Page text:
Harnessing technology for more robust and inclusive growth: An agenda for change

Zia Qureshi 27 June 2019

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We are living in an era of major technological change, led by the digital revolution. Yet, paradoxically, across major economies, while new technologies have boomed, productivity growth has declined, slowing the main engine of economic growth. Income and wealth inequalities have risen. The proverbial economic pie has been growing more slowly and more unequally, feeding the social discontent and political divisiveness that are all too evident today. 

Recent US experience vividly illustrates these outcomes. Over the past decade, average labour productivity growth in the US has been lower than half of what it was in the previous decade. Since the 1980s, income inequality has increased sharply. The income share of the richest 1% has more than doubled to 22%, with the wealth share rising to 40%. Income has shifted from labour to capital, and the distribution of both labour and capital income has become more unequal. 

Are the slowdown in productivity and the rise in inequality merely coincident trends, or are they driven by some common factors? Given their import and topicality, both trends have been the subject of much scrutiny. Most analyses, however, examine these trends separately. But a new report, based on a joint research project between the Brookings Institution and the Chumir Foundation, explores linkages between these trends and attempts to develop an integrated narrative. It finds that the slowdown in productivity growth and the rise in income inequality are linked by common causes and call for common solutions. Chief among the causes is the interplay between technology and policies. The potential benefits of technological change have not been harnessed effectively to foster more robust and more inclusive economic growth.

The figure below summarises the shared dynamics between productivity and equity and related common forward policy agenda, which the report integrates under its overarching theme (and title) of productive equity.

Productive equity

At its roots, the slowdown in productivity reflects a growing inequality in productivity performance between firms. Productivity growth has remained relatively robust in firms at the technological frontier but has slowed considerably in the vast majority of other firms. The benefits of the new technologies have been captured largely by a small number of firms. Aggregate productivity growth is lower in industries with wider inter-firm divergence in productivity. Barriers to a broader diffusion of the new technologies across firms are producing outcomes that are both inefficient and unequal.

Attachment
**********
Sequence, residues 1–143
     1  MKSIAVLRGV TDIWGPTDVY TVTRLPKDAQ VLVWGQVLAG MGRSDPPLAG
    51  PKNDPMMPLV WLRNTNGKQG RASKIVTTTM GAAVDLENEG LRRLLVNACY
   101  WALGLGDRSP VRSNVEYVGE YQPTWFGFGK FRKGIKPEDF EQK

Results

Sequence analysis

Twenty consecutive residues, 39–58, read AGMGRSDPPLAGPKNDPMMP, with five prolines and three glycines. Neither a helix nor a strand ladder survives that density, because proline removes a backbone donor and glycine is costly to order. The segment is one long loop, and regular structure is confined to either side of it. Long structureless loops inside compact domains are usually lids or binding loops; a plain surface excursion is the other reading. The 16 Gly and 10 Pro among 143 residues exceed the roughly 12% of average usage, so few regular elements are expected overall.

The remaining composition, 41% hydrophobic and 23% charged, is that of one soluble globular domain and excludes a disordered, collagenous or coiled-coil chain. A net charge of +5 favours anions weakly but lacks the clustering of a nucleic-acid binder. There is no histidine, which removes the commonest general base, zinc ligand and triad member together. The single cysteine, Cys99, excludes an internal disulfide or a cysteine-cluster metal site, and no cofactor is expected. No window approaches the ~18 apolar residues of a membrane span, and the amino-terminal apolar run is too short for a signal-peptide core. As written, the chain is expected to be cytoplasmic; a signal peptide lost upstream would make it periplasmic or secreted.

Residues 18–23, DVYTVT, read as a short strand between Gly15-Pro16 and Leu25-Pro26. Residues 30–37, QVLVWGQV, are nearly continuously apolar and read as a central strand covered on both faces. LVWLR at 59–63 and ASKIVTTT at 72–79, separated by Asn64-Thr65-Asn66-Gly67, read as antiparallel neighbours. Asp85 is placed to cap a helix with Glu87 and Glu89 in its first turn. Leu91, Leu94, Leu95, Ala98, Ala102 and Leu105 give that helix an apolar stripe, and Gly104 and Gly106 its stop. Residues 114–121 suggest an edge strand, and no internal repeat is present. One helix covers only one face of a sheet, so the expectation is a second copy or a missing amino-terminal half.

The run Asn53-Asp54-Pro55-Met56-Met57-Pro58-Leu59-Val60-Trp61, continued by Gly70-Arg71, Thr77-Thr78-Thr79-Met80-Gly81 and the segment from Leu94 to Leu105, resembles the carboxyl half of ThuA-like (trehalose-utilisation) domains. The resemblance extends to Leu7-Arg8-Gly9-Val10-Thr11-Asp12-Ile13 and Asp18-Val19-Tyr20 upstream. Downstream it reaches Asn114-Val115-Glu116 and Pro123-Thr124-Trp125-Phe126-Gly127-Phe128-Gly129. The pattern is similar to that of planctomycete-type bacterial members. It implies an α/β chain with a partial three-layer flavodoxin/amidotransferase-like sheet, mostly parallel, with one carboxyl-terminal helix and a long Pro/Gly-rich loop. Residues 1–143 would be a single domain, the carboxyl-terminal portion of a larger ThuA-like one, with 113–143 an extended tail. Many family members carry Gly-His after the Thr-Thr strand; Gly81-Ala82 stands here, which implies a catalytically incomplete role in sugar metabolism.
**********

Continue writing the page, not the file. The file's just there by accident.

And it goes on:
Industrial concentration and corporate market power have increased, and this shift has been particularly pronounced in the US. Part of this reflects the winner-takes-most outcomes of the digital economy. Scale economies, network effects, and the leverage of big data associated with digital technologies encourage the rise of superstar firms. Once in dominant positions, the winners tend to entrench themselves through a variety of means that limit competition. Competition policy failures added to the shift in markets toward more monopolistic structures. Business dynamism, as reflected in new firm formation, has declined. In industries less exposed to competition, productivity gaps between firms are wider and overall productivity growth is slower. 

Diminished competitive intensity in markets increased economic rents and reduced incentives to innovate and make new productivity-enhancing investment, which in part explains the persistent weakness of investment in recent years. It also hindered the wider dissemination of technological advances. The distribution of corporate profits became more unequal. Inefficient and unequal outcomes resulting from decreased competition in product markets were compounded by resource misallocations and rents associated with rapid financialisation.

A similar interplay between advancing technology but slowing productivity and rising inequality has occurred in labour markets. Increased inequalities in firm productivity and profits are mirrored by increased inequalities in labour incomes. As productivity and profitability gaps widened between firms, so did wage gaps. Also, industries experiencing higher market concentration and earning higher rents saw greater decoupling of wages from firm profitability and larger drops in labour’s share of income.

Digitisation and automation have shifted demand from routine low- and middle-level skills to new, higher-level technical, professional, and managerial skills. Globalisation has exerted pressure in the same direction. The supply of skills, however, has been slow to adapt. Education and training have been losing the race with technology.